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During my tenure at Moore, I learned more about the impact fashion has on the environment and it has driven me to create a more responsible future for fashion. I was raised in Lancaster, Pennsylvania where my great aunt was an excellent seamstress and quilt maker. She taught me the basics of sewing; as a quilt maker, she always had a lot of fabric scraps to play with. She taught me how to salvage and transform discarded textiles. I aspire to change the fashion industry ethically by seeking ways to improve and protect the environment.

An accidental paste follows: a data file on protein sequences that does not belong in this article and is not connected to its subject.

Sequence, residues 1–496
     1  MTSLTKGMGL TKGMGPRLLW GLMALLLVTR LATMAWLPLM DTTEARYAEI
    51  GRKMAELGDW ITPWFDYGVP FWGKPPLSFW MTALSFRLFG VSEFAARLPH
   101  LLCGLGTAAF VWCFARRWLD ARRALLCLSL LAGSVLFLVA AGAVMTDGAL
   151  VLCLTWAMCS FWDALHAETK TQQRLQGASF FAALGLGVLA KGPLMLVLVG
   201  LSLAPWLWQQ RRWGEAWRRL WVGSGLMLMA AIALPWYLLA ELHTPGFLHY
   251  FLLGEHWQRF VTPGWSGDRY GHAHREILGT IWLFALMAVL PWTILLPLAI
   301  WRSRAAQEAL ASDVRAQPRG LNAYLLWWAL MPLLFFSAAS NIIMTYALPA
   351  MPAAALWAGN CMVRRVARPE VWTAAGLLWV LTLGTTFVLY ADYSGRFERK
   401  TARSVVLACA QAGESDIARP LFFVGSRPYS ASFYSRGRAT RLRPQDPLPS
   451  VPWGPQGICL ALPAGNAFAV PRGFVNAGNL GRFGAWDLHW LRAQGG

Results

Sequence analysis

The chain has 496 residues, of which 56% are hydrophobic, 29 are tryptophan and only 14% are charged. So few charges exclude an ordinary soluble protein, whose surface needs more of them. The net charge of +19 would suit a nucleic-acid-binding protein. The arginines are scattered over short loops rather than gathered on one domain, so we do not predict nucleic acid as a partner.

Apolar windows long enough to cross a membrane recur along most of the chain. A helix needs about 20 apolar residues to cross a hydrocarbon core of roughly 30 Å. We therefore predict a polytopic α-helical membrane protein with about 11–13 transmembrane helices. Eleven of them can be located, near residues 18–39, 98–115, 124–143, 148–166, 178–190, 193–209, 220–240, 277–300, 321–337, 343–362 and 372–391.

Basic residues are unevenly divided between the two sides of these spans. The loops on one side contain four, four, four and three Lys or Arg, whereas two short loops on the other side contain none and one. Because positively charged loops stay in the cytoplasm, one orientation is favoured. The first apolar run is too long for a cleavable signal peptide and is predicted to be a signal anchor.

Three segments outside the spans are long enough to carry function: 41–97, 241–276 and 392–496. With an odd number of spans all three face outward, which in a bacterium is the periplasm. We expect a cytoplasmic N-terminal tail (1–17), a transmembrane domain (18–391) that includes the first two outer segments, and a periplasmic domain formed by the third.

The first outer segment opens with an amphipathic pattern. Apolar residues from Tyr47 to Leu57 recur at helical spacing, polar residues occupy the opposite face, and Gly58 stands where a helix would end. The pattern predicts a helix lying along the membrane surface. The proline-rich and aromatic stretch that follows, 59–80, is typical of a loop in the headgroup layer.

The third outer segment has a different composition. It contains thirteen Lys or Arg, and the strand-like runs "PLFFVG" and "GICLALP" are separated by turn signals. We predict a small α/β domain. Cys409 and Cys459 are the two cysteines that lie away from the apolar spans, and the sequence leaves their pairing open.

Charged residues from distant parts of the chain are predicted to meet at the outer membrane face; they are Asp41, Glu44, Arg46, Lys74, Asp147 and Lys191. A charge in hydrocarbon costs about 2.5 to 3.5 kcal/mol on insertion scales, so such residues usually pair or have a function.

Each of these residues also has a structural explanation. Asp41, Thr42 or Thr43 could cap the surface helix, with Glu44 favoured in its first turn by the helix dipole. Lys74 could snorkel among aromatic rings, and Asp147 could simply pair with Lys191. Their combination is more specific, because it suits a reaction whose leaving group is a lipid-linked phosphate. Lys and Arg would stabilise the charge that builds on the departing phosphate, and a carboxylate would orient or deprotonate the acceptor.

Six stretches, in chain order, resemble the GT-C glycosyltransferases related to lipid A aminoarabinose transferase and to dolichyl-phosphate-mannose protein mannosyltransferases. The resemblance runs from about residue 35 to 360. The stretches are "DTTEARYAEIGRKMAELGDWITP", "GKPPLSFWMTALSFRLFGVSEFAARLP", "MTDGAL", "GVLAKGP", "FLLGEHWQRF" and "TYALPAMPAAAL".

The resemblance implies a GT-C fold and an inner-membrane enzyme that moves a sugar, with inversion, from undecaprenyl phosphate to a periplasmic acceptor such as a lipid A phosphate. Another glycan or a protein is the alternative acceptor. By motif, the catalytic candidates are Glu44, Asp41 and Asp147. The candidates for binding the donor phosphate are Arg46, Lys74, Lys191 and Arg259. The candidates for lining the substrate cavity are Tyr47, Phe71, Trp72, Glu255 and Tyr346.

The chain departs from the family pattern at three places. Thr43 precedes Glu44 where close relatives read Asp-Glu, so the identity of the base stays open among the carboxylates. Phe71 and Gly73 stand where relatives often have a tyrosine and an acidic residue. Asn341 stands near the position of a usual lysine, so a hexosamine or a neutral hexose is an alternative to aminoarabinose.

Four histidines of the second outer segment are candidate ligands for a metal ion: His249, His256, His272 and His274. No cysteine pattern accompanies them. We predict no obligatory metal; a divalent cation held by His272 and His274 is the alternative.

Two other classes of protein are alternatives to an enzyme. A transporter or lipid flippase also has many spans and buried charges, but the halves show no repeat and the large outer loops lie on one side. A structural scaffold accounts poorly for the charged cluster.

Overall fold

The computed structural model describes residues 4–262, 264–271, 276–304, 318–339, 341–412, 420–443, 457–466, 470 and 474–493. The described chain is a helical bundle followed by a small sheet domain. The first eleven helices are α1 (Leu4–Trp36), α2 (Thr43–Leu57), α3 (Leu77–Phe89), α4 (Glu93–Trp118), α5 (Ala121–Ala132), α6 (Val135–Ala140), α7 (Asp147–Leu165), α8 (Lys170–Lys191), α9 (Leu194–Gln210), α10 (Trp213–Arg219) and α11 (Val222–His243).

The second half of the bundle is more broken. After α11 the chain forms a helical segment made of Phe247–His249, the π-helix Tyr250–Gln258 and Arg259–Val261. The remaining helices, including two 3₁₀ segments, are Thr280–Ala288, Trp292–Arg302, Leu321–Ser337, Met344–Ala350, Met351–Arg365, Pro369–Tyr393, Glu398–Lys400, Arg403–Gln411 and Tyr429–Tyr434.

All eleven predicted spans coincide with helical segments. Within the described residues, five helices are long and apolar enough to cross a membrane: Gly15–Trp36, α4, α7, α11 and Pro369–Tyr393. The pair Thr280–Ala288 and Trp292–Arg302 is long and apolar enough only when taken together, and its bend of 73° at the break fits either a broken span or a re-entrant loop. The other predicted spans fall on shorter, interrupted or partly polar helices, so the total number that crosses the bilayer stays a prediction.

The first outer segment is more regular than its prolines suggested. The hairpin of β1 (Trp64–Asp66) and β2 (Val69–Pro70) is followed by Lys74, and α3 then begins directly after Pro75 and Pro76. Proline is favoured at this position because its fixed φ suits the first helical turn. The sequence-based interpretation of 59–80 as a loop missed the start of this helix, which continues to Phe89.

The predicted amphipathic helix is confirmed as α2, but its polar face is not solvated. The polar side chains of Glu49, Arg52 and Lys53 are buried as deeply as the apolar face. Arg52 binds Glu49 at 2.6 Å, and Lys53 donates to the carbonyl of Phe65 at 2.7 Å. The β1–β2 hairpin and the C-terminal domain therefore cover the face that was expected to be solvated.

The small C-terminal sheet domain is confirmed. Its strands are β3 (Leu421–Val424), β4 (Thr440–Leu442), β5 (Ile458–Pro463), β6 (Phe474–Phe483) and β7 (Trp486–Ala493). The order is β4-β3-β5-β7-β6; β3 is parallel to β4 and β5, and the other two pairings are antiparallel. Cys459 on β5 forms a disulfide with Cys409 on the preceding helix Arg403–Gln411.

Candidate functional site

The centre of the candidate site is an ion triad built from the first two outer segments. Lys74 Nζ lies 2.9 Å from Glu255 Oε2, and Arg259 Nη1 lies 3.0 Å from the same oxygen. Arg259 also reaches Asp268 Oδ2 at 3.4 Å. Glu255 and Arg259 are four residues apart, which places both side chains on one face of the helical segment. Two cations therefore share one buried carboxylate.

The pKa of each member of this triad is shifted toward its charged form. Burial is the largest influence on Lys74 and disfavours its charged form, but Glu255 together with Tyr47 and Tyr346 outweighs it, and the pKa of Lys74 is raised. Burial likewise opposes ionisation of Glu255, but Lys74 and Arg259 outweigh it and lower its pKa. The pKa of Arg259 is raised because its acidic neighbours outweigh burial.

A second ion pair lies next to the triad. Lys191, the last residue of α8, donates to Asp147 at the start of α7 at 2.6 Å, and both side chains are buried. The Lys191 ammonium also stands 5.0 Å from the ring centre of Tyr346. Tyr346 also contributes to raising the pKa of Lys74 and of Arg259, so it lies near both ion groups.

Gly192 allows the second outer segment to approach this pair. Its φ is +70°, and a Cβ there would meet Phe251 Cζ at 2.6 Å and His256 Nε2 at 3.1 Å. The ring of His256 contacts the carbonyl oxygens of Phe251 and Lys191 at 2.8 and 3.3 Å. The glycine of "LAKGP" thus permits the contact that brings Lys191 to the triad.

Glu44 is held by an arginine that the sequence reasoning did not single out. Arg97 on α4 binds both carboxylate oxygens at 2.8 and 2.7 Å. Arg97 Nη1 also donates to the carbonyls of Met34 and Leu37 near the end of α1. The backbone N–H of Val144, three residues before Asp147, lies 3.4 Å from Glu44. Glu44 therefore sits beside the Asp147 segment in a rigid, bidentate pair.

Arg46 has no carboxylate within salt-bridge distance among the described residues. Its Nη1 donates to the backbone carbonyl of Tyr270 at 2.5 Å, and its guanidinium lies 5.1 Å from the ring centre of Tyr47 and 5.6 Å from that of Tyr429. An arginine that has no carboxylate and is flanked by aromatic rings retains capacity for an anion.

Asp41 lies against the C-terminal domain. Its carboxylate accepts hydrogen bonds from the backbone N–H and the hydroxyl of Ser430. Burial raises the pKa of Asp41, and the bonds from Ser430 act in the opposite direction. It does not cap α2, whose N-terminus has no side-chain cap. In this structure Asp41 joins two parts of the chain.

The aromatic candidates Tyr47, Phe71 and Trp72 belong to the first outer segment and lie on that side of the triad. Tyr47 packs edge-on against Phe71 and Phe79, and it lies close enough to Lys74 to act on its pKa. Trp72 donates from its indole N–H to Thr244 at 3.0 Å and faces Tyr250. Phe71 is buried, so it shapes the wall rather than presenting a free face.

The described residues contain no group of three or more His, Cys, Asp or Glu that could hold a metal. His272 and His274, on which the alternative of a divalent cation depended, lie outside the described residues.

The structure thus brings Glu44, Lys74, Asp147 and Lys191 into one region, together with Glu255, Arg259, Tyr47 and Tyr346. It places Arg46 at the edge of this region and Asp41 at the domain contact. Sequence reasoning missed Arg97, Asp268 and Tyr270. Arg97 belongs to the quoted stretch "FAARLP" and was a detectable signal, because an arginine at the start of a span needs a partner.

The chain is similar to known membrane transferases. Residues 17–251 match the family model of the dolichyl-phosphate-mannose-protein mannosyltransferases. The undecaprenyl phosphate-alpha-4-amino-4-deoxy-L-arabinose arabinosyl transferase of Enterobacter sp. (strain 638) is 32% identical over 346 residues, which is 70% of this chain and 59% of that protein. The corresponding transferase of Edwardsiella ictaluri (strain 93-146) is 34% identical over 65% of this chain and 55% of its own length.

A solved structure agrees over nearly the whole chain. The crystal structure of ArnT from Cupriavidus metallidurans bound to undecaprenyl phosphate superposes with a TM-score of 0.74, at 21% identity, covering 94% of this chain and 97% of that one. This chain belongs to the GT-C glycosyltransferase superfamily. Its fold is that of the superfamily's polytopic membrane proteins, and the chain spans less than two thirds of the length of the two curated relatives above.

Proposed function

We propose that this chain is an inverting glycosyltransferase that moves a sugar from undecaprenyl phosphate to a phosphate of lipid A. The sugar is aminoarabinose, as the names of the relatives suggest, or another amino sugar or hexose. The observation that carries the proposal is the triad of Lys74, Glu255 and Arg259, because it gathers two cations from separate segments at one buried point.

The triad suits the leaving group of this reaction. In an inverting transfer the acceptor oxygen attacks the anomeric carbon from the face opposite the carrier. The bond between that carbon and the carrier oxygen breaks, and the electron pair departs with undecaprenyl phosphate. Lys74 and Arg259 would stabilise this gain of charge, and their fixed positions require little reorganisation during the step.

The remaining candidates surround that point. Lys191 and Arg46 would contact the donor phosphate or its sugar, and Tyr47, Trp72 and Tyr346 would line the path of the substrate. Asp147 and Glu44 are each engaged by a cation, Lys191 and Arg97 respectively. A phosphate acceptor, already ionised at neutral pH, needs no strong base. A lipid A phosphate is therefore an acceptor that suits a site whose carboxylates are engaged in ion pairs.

My senior thesis is a fashion collection—my visual inspiration is a reflection of my summer in Southwest Florida. Over the summer I spent many days basking in the sun and exploring the beaches of Sanibel Island, but this place it is not always as peaceful as it sounds. The beaches are disrupted repeatedly by outbreaks of red tide. This is the name given to when the ocean water is overcome with algal bloom caused by pollution, specifically agricultural runoff. The bloom discolors the water to an orange-red and it depletes oxygen, releasing harmful toxins that may cause illness in humans but is more deadly towards animals. The goal of my collection is to help increase red tide awareness by utilizing the colors that the algae creates. Seashells and the ocean inspired my silhouettes. I reinterpreted seashells into pleated fabric; their hard shell inspired the curves and structure of my garments. The ocean inspired my color palette and fabric. I used organza which flows like the soft ocean waves that brush the shore on Sanibel Island. I used natural dyes to suggest the colors that the algae creates.

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